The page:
Posted by: pastormikemcdowell | June 25, 2015

June 25, 2015 “Five Outs Shy of Perfection”

 For if you love those who love you, what reward do you have? Do not even the tax collectors do the same? If you greet only your brothers, what more are you doing than others? Do not even the Gentiles do the same? Therefore you are to be perfect, as your heavenly Father is perfect.” (Matthew 5: 46-48)

Good Morning Blessed Friends!

Yesterday, complements of a good friend of our from the church I serve in Florida, we were treated to a day off at the ball park to watch a major league game between the home team Tampa Bay Rays and the Toronto Blue Jays.  For the first five innings, both pitchers were hurling no-hitters, which does not make for a particularly exciting game. The Rays pitcher had allowed only one base runner on a walk. The Jays pitcher was perfect, not allowing a single runner to reach base. As the game progressed, the Rays pitcher gave up a hit in the next inning while the Jays pitcher remained perfect, retiring eighteen consecutive batters. Now things were getting interesting. There was still no score in the game, but in the seventh inning, the pitcher for the Jays continued his mastery with the help of a team that was demonstrating even more determination defensively. The third baseman made an extraordinary catch of a foul ball hit several rows deep into the stands, leaping to make the grab. The right fielder made a similarly remarkable catch of a foul ball preserving perfection through the seventh inning. Now there were but six more to retire for a perfect game. The first batter succumbed to the pitcher’s mastery. The next batter hit a slow bouncer down the third base line. The third baseman barehanded it and threw a bullet to the first baseman, but a replay clearly showed that the runner had beaten his herculean effort by a step, and the possible perfect game was gone. He had come but five outs shy of perfection.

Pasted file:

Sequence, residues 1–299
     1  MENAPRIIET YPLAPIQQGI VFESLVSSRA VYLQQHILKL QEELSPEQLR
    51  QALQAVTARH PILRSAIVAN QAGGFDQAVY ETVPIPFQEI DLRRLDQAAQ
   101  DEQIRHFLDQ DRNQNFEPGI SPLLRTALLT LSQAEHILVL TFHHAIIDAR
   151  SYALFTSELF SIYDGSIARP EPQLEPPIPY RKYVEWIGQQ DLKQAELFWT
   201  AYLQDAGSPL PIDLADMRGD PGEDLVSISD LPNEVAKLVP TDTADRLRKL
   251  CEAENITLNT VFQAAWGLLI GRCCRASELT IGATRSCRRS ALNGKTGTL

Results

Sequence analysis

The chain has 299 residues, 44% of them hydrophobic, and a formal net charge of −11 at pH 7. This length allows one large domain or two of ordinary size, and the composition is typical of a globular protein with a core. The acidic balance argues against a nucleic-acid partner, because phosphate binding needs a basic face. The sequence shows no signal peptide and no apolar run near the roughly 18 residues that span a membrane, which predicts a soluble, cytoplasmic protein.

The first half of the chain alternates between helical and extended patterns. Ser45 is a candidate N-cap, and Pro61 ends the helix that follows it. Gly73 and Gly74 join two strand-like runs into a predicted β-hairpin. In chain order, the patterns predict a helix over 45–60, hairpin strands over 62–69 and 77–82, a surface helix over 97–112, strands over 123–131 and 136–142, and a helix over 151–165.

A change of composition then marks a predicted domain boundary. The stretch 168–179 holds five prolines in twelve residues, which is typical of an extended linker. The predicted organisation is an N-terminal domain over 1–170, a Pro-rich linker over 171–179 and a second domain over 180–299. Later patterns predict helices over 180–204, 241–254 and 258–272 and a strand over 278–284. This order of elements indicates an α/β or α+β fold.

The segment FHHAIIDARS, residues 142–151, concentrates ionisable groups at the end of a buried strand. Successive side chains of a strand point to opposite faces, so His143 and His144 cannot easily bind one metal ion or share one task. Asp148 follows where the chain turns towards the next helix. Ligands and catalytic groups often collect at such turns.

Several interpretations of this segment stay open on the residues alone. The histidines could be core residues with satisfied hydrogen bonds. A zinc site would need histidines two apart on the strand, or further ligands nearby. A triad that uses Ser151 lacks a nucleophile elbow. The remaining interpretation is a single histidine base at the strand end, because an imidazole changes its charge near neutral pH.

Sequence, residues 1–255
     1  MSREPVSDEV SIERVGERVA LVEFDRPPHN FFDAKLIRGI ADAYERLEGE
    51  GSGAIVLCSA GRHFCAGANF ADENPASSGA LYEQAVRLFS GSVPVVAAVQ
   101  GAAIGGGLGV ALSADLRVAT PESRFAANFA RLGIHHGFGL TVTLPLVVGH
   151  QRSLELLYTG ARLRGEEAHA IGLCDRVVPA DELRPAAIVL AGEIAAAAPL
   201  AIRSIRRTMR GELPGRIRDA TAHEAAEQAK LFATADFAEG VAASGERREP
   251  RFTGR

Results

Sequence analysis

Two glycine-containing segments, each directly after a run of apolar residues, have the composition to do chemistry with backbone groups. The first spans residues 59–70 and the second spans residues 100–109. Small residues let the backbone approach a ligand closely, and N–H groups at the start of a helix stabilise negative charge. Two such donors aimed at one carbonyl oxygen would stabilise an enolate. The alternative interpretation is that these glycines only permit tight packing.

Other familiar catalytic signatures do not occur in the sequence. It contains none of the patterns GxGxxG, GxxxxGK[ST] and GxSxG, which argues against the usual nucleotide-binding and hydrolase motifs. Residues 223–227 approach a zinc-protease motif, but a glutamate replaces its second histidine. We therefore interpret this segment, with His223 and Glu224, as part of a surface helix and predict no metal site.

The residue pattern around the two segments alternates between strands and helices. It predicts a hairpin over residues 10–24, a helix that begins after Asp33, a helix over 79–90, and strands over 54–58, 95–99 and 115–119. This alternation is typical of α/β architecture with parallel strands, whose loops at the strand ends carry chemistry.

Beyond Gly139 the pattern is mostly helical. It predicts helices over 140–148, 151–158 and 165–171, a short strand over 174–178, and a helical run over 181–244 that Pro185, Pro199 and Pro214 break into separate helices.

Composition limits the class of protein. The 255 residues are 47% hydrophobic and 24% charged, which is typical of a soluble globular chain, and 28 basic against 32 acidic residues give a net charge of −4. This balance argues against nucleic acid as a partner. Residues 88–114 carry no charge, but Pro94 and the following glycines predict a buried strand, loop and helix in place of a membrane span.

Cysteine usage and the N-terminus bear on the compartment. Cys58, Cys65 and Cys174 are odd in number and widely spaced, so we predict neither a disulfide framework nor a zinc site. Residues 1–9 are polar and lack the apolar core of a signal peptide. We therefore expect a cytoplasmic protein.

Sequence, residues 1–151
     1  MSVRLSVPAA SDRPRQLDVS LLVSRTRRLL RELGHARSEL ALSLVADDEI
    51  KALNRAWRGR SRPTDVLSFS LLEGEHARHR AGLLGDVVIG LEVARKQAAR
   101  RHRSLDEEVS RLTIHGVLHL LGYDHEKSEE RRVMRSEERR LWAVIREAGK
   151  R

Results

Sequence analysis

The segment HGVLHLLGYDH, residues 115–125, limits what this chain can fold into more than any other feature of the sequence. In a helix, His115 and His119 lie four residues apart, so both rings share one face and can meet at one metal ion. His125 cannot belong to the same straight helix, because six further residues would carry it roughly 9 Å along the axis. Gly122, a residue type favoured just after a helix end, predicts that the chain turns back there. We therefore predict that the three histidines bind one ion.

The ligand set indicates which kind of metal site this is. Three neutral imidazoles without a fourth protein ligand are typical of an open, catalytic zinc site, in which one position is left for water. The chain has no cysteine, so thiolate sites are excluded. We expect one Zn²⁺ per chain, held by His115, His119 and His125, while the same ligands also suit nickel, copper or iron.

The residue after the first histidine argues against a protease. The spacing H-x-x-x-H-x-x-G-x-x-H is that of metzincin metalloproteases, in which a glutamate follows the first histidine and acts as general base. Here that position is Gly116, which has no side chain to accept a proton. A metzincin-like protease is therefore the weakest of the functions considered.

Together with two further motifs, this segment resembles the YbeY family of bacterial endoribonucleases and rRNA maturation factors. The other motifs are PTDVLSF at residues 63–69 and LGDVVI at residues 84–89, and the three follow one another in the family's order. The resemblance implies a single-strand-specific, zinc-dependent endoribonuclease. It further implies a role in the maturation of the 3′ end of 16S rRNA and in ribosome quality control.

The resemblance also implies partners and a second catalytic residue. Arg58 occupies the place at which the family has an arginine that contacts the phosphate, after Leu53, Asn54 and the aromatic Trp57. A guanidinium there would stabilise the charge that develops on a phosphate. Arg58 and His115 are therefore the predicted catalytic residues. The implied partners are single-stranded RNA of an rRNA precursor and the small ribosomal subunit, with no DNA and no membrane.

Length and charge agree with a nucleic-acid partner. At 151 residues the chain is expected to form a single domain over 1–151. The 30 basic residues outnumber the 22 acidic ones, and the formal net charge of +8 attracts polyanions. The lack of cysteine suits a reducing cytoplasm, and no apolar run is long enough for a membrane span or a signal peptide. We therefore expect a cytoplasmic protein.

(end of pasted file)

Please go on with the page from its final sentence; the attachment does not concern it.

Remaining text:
A few things impressed me about this game  and its relationship to Jesus’ directive. I was impressed as to how the pitcher’s effort at perfection was supported by his teammates as they stepped up their particular game to help him achieve that goal. It reminded me that as Christians, we are called to “spur one another on toward love and good deeds” (Hebrews 10:14) It also reminded me of the rarity of achieving perfection and the seemingly impossible standard called for by Christ in Matthew 5:46-48. Surely he understood that my earthly perfection could never match that of my Heavenly Father! What could he mean? I think contextually we have the answer. Jesus has been addressing the importance of loving one another. Whereas loving people who love us in return is not a particularly difficult thing to do, it is another matter to love those who do not reciprocate, but that is the type of love demonstrated by our Heavenly Father towards everyone. Remember the words from John’s gospel: For God so LOVED THE WORLD”… To be perfect, then, in the sense of this directive, is to learn to love those who do not love us in return. That is a most godly quality to develop. It requires teamwork, determination, submission, and a clear understanding of God’s love for us as well. Though rarely achieved, it is not impossible. Jesus proved that.  Emulate him. Love one another. Be perfect as your Heavenly Father is perfect. Let’s pray!

Heavenly Father; I want to learn to love as you love. I want to be perfect in that regard as you are perfect. Help me to put aside old resentments, prejudices, and bitterness, that I may learn to love with a magnanimous heart. This I pray in Jesus’ most precious name. Amen!



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